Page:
The bottom line here has become wage growth which is of course another intellectual defeat for the Governor as he switches from a quantity measure to a quality one. On that front then his output gap theory has imploded with the numbers below.

Average weekly earnings for employees in Great Britain increased by 2.0% including bonuses and by 1.9% excluding bonuses compared with a year earlier.

Actually the 3 months to November have gone 2.1%,1.9% and 2% giving some apparent stability and losing the 3%+ of late summer. If we switch to the Bank of England Agents we see them strumming a similar tune.

The softening in pay growth had reflected slowing activity in manufacturing and the effects of low inflation, which was mitigating upward pressures in pay for some companies.

Comment

If we play nicely then we can call Mark Carney a man of intellectual flexibility and perhaps a fan of Alice In Wonderland too.

It’s no use going back to yesterday, because I was a different person then

Indeed that is not the only quote from that famous book that is applicable although the use of the one below is subject to the critique “only six?”

Why, sometimes I’ve believed as many as six impossible things before breakfast.

Still back in the day we did get a hint about measuring time.

Alice:How long is forever? White Rabbit:Sometimes, just one second.

But as we observe that we still have an emergency Bank Rate of 0.5% and more QE (Quantitative Easing) will be rolled over this month to keep it at £375 billion and Mark Carney’s Open Mouth Operations are now designed to push the UK Pound £ lower then what is the difference between him and his predecessor? Will his head open in the style of the film Total Recall to reveal Mervyn King underneath? Perhaps he has spotted the rewards from such a policy.

Mervyn Allister King, Baron King of Lothbury, KG GBE FBA

One difference so far is that Governor Carney has not been a fan of more QE but of course as Alice In Wonderland reminds us that could change in a second. After all he is a dedicated follower of fashion and perhaps it will be in fashion at Davos this week.

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20 thoughts on “Mark Carney spins and U-Turns as he morphs into Mervyn King

  1. Hi Shaun,

    If we play nicely then we might suggest that Mr Carney now realizes, or perhaps always knew, that the headline unemployment figure has been dragged as low as possible without mention of the wider (U6?) under-employment position, and that the quantity of new jobs has abjectly failed to make up for the quality of those jobs lost.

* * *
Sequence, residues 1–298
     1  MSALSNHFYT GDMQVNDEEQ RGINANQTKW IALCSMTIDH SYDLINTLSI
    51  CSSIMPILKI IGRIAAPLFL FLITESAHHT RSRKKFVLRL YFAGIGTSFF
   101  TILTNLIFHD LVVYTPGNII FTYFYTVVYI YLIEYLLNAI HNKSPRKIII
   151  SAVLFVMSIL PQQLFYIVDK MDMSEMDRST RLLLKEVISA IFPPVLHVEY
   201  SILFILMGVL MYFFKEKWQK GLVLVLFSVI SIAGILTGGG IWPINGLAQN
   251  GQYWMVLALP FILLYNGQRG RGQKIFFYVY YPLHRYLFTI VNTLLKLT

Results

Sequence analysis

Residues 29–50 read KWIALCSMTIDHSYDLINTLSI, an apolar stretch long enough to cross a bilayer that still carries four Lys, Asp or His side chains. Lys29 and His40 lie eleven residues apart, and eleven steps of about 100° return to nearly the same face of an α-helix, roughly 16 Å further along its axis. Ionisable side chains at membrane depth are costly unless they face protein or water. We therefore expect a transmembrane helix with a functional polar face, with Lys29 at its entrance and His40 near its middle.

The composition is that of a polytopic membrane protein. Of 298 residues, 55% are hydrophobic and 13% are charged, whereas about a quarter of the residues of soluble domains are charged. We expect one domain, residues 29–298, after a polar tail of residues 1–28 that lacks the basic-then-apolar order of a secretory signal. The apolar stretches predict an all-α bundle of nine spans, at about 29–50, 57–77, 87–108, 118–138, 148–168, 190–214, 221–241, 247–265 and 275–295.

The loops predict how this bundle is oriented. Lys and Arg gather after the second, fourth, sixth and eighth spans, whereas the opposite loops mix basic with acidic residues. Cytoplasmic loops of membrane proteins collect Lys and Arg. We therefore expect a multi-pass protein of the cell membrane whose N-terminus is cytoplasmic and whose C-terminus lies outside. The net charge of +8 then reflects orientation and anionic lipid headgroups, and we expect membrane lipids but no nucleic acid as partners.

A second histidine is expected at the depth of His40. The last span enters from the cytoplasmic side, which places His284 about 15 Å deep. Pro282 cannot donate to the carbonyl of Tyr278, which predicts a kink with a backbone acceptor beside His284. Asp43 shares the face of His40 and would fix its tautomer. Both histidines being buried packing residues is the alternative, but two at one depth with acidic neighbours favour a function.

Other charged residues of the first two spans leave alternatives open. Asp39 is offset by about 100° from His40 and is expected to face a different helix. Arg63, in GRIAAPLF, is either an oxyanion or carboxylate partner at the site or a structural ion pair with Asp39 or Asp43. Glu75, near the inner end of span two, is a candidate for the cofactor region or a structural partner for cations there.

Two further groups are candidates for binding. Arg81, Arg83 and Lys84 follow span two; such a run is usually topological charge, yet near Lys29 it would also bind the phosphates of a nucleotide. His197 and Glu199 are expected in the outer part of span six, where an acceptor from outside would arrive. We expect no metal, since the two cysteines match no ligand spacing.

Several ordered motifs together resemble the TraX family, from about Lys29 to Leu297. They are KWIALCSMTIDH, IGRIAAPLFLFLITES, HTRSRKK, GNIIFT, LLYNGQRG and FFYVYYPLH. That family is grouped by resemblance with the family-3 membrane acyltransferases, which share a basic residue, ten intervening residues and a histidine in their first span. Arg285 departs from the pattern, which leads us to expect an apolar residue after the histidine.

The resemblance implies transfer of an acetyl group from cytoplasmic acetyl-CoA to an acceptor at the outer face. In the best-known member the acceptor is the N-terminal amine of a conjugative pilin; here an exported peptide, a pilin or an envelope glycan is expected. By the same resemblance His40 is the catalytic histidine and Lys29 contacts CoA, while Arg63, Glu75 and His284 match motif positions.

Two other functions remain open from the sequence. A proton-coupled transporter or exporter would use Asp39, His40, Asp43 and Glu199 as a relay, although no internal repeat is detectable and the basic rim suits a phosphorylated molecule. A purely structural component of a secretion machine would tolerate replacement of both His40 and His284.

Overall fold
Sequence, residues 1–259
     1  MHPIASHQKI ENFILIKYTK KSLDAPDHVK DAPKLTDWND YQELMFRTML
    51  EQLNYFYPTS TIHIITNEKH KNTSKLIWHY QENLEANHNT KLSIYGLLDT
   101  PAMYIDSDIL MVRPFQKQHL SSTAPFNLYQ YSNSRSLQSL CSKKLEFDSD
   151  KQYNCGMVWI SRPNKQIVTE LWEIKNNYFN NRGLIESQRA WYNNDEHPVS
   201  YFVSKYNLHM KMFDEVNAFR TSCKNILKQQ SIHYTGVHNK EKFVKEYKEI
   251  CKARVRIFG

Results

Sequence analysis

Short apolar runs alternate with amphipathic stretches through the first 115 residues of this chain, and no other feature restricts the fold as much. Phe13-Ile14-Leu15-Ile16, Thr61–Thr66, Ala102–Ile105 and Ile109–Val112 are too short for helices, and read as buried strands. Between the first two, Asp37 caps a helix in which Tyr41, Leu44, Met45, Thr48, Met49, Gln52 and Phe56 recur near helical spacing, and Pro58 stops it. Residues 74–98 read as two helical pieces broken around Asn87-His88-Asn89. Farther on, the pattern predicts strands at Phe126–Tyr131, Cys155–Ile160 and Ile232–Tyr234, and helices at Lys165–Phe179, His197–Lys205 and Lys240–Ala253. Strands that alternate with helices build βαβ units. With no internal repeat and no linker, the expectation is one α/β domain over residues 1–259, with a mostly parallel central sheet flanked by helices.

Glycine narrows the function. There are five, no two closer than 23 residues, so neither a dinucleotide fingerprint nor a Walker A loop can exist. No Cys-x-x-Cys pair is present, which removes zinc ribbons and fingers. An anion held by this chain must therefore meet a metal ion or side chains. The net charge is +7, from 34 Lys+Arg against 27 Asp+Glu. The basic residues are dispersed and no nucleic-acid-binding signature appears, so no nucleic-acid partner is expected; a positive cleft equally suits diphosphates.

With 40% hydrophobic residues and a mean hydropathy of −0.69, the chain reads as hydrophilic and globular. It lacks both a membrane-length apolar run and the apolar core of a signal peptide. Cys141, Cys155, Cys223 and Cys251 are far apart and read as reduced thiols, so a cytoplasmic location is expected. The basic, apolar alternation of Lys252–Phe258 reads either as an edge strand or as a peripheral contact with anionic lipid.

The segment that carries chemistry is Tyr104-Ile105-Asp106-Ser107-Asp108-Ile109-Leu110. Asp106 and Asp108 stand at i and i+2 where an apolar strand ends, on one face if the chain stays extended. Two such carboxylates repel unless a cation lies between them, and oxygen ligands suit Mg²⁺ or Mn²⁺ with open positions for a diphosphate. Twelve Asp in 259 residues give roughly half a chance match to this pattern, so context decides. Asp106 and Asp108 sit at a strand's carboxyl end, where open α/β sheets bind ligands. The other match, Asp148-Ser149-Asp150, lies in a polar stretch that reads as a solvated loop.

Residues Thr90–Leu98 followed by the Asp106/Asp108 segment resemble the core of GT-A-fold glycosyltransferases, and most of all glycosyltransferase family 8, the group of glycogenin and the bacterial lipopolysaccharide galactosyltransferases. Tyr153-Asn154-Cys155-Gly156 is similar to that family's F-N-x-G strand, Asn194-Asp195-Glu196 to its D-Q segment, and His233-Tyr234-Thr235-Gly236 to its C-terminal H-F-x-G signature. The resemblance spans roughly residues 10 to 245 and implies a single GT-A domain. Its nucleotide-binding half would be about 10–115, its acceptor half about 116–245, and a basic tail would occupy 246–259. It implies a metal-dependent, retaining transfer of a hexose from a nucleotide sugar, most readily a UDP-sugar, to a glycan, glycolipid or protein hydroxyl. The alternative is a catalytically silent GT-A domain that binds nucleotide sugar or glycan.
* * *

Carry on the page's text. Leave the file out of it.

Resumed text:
“The softening in pay growth” : that doesn’t sound too bad if you say it quickly enough, and don’t think about it for too long.

    • There’s double the amount of people on minimum wage as fifteen years ago.It’s now around 1 in 20 workers and forecast to grow to 1 in 9 by 2020.I wouldn’t disagree.

      A lot of people are now in work to do the 16 hours and get tax credits.

      As you allude Jim,the official distortions are huge.

      When I read these average wage figures I’m sure they’re using mean averages not median.Maybe Shaun could shed some light?

      • Hi Dutch,

        “A lot of people are now in work to do the 16 hours and get tax credits.”

        I believe that is particularly applicable to the newly self-employed. The choice seems to be to either declare oneself unemployed and go through the hassle of claiming JSA, or choose to declare oneself self-employed and continue to claim in-work tax credits. Under these circumstances it’s little wonder that the numbers of self-employed is at a record level.

        There are now more people in self-employment than ever before in the UK – 4.6 million pic.twitter.com/GcU3ek914a— ResolutionFoundation (@resfoundation) January 20, 2016

        //platform.twitter.com/widgets.js

        • ‘The choice seems to be to either declare oneself unemployed and go through the hassle of claiming JSA, or choose to declare oneself self-employed and continue to claim in-work tax credits.’

          I think you’ve nailed it there Jim.4.6 million is an incredible number.
          http://www.theguardian.com/uk-news/2014/aug/20/self-employment-uk-highest-level
          ‘Of the 1.1 million increase in the total number of workers in the UK between the first quarter of 2008 and the second quarter of 2014, 732,000, or just over two-thirds, were self-employed.’

          Two thirds?????? Yep,some recovery that.No wonder there’sno wage growth.

  2. Hi Shaun

    One thing that strikes me about this is that unemployment is a (fairly severe)lagging indicator. If you take this as an important indicator (which MC has done), together with the desire to target inflation two years ahead as a guide to fixing IRs, it seems to me that the issue is not about the actual level of unemployment being ignored but rather whether it has any relevance at all. At the very least as a tool of policy it seems to have considerable disadvantages.

    The conclusion one takes from all this is that the facts do not matter. This is not so much a matter of “intellectual flexibility” as the need to rationalize away uncomfortable truths. Certainly Mark Carney is keen to maintain his credibility but in this respect I’m afraid that will have to go down alongside his ever lengthening list of failures.

    • Also worth pointing out Bob,that we’re funding many jobs with fiscal deficits.